Remove the location from Amanda Stern’s description of where and when she grew up and you could almost imagine it was on a kibbutz in Israel.
“All told, there were around 20 kids, spanning in ages from infant to 18, and we had absolute and total freedom,” said Stern, American author and event producer. “Together, we wrote, directed and performed plays, made films, put on musicals and were generally very project-oriented. Childhood was a real collaboration.”
But Stern, who will arrive in Israel for the first time this week in advance of the Jerusalem Writer’s Festival, grew up in New York City — and the enclave she describes was located in the city’s Greenwich Village, in what was known as the MacDougal Sullivan garden.
In a recent interview, Stern connected growing up in a tight community in the early 1980s with her desire to launch Happy Ending, the extremely successful performing arts series she hosts in New York and is now bringing to Israel.
“I realized, not long after I launched Happy Ending,” said Stern, “that I was simply recreating my childhood, trying in some way to rebuild the collaborative community that’s disappeared with time and gentrification.”
In the Happy Ending series, the collaboration is between literary and musical talents, Stern herself, and — in what the makes the event series extraordinary — the audience.
As part of the program, the guest author (Stern’s requirement is at least one published book) gives a public reading and the musical guest performs live on stage.
Additionally, however, the musical guest must try to get the audience to sing along to one song, and the author must take a “risk” on stage.
“My experience has been that the risk aspect of the night is where the connection between audience and author truly takes place,” Stern explained. “It allows for a relationship. The audience becomes a safety net, wanting the authors to succeed, prepared to support them if they don’t.”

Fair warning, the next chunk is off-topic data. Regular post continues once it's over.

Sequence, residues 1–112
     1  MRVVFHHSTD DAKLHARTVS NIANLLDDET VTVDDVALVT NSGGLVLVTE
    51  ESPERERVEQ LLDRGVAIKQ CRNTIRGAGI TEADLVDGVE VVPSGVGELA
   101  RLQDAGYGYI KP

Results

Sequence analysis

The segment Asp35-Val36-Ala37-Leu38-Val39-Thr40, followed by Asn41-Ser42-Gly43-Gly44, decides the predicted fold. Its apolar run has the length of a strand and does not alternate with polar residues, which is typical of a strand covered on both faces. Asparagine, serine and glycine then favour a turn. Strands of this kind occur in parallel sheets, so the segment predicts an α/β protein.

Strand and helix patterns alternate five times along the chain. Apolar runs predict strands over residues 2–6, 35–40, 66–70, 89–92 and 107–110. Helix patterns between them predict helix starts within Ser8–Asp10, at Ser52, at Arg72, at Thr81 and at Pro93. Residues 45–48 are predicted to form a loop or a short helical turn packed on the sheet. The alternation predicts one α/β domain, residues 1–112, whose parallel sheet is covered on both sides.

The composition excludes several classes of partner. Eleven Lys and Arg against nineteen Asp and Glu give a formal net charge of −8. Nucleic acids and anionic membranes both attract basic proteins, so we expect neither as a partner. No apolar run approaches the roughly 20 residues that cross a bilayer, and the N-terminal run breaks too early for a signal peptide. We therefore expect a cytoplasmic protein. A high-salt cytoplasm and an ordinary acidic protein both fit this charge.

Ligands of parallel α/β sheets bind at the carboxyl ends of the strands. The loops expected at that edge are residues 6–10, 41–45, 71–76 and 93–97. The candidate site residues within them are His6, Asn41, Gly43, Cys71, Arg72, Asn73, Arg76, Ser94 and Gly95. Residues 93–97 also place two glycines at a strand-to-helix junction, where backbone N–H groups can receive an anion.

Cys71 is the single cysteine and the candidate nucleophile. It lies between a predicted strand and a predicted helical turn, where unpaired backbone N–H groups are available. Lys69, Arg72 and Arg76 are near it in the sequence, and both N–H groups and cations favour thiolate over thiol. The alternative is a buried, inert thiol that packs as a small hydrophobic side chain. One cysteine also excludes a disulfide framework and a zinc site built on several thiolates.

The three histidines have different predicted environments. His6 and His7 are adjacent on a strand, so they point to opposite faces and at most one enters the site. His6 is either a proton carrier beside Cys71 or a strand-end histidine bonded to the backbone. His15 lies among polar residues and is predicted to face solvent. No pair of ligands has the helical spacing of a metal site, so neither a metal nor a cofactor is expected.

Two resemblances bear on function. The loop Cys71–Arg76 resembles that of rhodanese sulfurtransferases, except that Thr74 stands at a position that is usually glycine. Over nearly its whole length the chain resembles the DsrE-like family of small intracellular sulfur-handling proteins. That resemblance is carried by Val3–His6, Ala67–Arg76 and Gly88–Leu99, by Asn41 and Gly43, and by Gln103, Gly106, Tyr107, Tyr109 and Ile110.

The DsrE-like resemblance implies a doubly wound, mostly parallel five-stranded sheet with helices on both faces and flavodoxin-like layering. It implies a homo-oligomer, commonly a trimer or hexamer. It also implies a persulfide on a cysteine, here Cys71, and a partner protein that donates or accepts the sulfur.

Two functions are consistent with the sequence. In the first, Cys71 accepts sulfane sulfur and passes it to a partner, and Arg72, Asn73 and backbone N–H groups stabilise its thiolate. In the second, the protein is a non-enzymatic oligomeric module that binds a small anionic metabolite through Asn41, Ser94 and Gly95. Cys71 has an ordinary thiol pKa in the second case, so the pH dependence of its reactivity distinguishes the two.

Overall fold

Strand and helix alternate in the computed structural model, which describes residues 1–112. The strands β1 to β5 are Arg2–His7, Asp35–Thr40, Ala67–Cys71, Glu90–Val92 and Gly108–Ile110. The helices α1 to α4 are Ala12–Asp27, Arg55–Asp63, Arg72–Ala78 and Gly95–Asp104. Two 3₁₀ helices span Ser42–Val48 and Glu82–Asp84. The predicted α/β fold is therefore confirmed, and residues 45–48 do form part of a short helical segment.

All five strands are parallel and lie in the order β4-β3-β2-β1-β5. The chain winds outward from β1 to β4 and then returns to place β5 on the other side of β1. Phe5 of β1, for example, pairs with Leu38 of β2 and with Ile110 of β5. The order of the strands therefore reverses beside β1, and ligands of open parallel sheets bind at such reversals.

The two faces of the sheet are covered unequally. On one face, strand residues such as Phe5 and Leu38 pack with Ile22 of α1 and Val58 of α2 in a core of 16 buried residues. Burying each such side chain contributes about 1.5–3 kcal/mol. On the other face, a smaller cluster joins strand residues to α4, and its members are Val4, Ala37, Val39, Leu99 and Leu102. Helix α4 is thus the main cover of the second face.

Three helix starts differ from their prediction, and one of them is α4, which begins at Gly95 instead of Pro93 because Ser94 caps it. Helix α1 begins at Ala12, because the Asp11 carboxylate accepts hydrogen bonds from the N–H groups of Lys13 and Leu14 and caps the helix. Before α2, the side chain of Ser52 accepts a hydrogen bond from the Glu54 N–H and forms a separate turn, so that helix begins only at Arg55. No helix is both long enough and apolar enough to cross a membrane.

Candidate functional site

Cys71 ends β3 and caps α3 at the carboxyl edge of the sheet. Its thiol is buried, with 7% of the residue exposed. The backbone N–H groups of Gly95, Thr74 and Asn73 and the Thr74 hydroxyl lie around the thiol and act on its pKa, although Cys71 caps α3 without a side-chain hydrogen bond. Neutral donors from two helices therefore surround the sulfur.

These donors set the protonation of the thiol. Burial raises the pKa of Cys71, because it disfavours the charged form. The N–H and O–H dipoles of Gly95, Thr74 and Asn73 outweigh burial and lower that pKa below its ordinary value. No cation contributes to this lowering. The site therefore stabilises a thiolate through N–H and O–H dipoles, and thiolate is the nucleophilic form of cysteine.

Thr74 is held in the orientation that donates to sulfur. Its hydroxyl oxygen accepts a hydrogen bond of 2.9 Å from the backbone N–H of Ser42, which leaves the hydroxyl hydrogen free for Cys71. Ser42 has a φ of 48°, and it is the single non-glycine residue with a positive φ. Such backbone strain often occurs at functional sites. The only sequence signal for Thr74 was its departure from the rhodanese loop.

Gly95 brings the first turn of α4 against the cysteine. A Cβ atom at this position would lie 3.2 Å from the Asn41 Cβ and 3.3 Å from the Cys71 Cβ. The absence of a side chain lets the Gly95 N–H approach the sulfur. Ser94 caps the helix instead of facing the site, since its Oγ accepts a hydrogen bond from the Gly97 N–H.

Past risks have included karate-chopping wooden boards, prank calling one’s mother, and getting a pie to the face.
In 2012, however, Israeli writer Etgar Keret took Stern’s dare to a whole new level when he read in English from one of his works, while at the same time smoking a joint.
Keret, who will return to Happy Ending at one of two events scheduled, also worked with Stern and festival director Liran Golod to curate the Israel series.
On Thursday, May 26, Keret will appear along with Anthony Marra, Colum McCann, and Nell Zink. The musical guest will be Tamar Eisenman. On Saturday, May 28, Stern will host authors Alex Epstein, Shelly Oria, and Gary Shteyngart, as well as musician Yali Sobol.
Not all the risks end up taking a comedic turn.
“I was very moved by Paul Rudnick’s risk,” Stern said. “He’s a well-known humor writer and everyone expected his risk to be hilarious. His mother died a few weeks before the show, however, and he decided that he’d talk about her for the very first time since her death.
“He told a hilarious and poignant story about his mother in her last days, and the depth and sadness coupled with the humor was unexpected, deeply effective, and utterly moving,” said Stern.
When asked if there would be anything uniquely Israeli about these Happy Ending events, Stern replied she thought the “Israeli flavor would come out organically” and that she might learn how to say a couple Hebrew words in the process. (The events will be in English.)
‘I enjoy the moments I’m actively bombing onstage because existing inside my worst-case scenario without dying feels like an achievement’
Stern launched the series in 2003 out of a small Chinatown bar. Since then, the show has significantly grown in scale, from an 80-person audience to upwards of 800.
Guests have included authors Zadie Smith, Lena Dunham, and Joshua Ferris, as well as musicians Aimee Mann, Lisa Loeb, and Vampire Weekend.
While critics credit Happy Ending’s success to Stern’s reputation as a skilled curator and engaging host, Stern herself has been forthcoming that it hasn’t always been easy to get up on stage, as she suffers from anxiety — once even talking herself down from a panic attack while introducing a Happy Ending event.
“I got over my stage fright by repeatedly facing my fear,” Stern revealed. “I still get anxious, but it’s not as severe. In fact, it’s gotten to the point where I enjoy the moments I’m actively bombing onstage because existing inside my worst-case scenario without dying feels like an achievement. Each time I don’t die, it’s a win.”
Stern also is currently working on a book about anxiety.
When asked if she’s ever had to coach a nervous author in advance of a show, Stern said no, but she did indicate that part of the reason she has authors take risks is to “give them something outside their reading to worry about.”
“Reading your own work on stage can be harrowing,” Stern said, “but when you are focused on something else, the reading takes on less importance and allows the author to do their best without even realizing it.”
And what about Shteyngart, an author who has spoken publicly of his own anxiety — notably in an essay series in The New Yorker in which he writes about needing “forty-six Ativan tablets to battle stage fright” while on book tour: Would Stern take it easy on the author of Little Failure?
“Forty-six Ativan? That’s it?” she said, dryly. “What an amateur.”
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